Back to Basics: Trauma Counselling | EAPA-SA

Trauma debriefing is just one of the many crisis intervention techniques which are included under the umbrella of a Critical Incident Stress Management (CISM) programme.

What is a “Critical Incident?” 1

A critical incident is an abnormal or traumatic event which has the potential to overwhelm an employee’s usual coping mechanism, resulting in psychological distress and the impairment of normal functioning in the workplace.  Examples include: suicide; homicide; robbery; assault; threats of violence; worksite accidents; industrial and natural disasters; as well as organisational changes such as staff restructuring or reductions.

In response to a critical incident, crisis intervention is a specialised acute emergency mental health intervention which provides help for individuals or groups during a period of extreme distress and requires specialised training.  As such, Employee Assistance Programmes (EAPs) play an important role in providing support to employees following a traumatic event or critical incident in the workplace.  Such a critical incident may affect a few individuals or an entire organisation.

The importance of trauma debriefing

A trauma debriefing allows individuals impacted by a critical incident to process their thoughts and feelings alongside other individuals who have experienced the same incident. It is important to remind individuals that their responses are a normal reaction to an abnormal event. The critical incident debriefing also provides insight into the signs of cognitive, behavioural and emotional symptoms commonly experienced after a traumatic event. The EAP counsellor will also discuss self-care techniques and how to determine if professional help is necessary.2

One-to-one counselling
Some people have unresolved personal losses or traumas that can resurface at the time of a critical incident.  This can make their reactions to the new event even more intense. If necessary an EAP counsellor can provide one-to-one counselling to such individuals, if needed.  Allowing employees the opportunity to share their feelings and reactions in a confidential environment that is supported by their employer, can prevent individuals from experiencing post traumatic stress disorder. Furthermore it allows employees to feel validated, supported and loyal towards their employer.2

Group crisis intervention3

Three goals guide the techniques used in a crisis intervention:

  1. Mitigate impact of event.
  2. Facilitate normal recovery processes.
  3. Restore adaptive function.

The seven objectives of a crises intervention, according to the Mitchell model (developed by PhD Jeffrey T. Mitchell, in 1974), are:

  1. Introduction: establishment of a good relationship with those individuals associated with the event, as well as maintaining a very high level of confidentiality. Ideally, all individuals taking part should be temporarily off duty and not liable to be interrupted during the procedure. Individuals will be asked to introduce themselves and identify their role in the incident. They will be encouraged to discuss various aspects of the incident that distressed them.
  2. Fact: individuals provide core facts and fill in missing details. The introduction of missing facts helps correct any misperceptions.
  3. Thought: individuals explore the emotional aspects prompted by the event. Responses are as varied as the group and this helps individuals to personalise their experiences.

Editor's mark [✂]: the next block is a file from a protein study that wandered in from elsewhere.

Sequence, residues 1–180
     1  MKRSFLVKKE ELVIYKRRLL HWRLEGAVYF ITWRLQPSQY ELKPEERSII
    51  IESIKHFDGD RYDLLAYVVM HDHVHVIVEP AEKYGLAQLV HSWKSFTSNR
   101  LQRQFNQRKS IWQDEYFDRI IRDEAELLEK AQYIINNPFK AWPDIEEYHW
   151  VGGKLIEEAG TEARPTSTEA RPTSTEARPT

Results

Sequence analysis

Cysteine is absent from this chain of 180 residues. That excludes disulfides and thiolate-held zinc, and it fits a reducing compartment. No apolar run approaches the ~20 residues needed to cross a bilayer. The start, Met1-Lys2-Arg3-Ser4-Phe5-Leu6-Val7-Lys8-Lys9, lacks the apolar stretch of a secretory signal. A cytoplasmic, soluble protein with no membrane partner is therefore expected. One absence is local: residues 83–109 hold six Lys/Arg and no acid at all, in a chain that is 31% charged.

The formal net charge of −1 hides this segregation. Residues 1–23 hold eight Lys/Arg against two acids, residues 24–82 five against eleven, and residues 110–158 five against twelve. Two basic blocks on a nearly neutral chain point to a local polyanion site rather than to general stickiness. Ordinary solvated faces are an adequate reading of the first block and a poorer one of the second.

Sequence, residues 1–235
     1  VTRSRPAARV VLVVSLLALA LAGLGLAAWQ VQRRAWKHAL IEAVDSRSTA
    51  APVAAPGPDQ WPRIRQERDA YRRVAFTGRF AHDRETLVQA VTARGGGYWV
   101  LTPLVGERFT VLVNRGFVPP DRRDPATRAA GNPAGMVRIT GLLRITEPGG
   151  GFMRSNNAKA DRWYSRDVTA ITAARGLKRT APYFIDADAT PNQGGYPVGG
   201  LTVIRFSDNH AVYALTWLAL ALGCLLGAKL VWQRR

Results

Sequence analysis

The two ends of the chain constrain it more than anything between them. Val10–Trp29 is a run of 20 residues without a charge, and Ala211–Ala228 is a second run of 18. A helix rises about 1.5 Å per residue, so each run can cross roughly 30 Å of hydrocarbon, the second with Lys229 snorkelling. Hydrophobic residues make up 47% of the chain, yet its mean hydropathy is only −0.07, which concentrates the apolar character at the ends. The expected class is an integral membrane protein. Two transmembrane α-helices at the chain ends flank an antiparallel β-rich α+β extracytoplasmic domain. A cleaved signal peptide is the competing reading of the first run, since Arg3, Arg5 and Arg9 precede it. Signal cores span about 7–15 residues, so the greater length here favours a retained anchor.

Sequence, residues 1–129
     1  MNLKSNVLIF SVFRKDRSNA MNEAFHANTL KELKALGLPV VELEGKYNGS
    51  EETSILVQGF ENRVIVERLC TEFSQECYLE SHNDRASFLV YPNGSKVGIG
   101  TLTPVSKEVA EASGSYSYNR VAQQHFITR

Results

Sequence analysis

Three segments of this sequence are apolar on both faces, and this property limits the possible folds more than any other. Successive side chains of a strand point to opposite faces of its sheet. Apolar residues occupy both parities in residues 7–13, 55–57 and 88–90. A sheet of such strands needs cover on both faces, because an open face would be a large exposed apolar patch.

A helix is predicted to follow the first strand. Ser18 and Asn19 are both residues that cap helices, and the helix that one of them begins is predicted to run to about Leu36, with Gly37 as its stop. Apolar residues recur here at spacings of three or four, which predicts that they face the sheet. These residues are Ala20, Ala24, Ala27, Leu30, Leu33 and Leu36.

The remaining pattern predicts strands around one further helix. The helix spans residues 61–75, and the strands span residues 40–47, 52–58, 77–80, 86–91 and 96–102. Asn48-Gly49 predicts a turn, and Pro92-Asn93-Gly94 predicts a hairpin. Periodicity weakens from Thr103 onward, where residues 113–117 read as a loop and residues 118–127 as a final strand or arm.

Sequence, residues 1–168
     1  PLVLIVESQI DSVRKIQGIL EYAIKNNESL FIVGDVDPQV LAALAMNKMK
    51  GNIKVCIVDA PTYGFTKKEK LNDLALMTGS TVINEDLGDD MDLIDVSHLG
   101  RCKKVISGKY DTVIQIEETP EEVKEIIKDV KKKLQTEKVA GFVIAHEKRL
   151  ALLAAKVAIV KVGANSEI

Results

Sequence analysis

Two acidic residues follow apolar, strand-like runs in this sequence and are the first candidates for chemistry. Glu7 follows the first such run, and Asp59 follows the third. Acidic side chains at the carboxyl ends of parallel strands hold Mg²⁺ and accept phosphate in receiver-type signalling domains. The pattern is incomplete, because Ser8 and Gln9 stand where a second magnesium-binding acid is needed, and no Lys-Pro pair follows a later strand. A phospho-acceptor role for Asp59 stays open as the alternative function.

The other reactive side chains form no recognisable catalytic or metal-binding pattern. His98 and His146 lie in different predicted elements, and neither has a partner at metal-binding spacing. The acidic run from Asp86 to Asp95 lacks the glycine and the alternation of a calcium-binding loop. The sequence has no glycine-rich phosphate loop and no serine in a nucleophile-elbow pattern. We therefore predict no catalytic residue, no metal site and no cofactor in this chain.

4. Reaction: in this most intense phase the group is asked, ‘How did you react to the incident?’. Not everyone will feel comfortable talking about this, so it is emphasised that the important part of participation is being present and listening. Some of the participants will discover that their reactions are similar to those of their peers. For those who have suffered more severe stress reactions, the presence and support of their less affected peers is often as important. The most affected individuals can describe the worst part of the event for them and why it has caused them such stress.
  5. Symptom: the range of symptoms that individuals have been experiencing is discussed. These include those experienced during and immediately after the incident, 3–5 days later and those remaining at the time of the debriefing. During this and the reaction phase, workers come to realise that they are not alone in how they have been feeling. The sudden realisation that their feelings are normal is the first step for many emergency workers towards feeling better.
  6. Teaching: this is similar to post-incident education. The process of critical incident stress, stress reactions and techniques to decrease stress are explained.
  7. Re-entry: the final phase, which allows team members to expand relevant points they feel are important and to answer questions. The main purpose is to ensure that emotions are not raw when the participants leave. The team gives a summary and the debriefing meeting is concluded.


There are seven core principles to the manner in which crisis interventions are run.  They are: 4

Simplicity—People respond to simple, not complex things, during a crisis.

Brevity—Most crisis intervention contacts are short in duration, some lasting only a few minutes. It is typical to have three to five contacts to complete crisis intervention work with an individual.

Innovation—Crisis Intervention providers must be creative to manage unique and emotionally painful situations.

Pragmatism—Suggestions must be practical if they are to work in resolving a crisis.

Proximity—Most effective crisis intervention contacts occur closer to the operational zone or in someone’s comfort zone.

Immediacy—A crisis reaction demands rapid intervention. Delays cause more pain and complications.

Expectancy—When possible, the crisis intervener works to set up expectations of a reasonable positive outcome.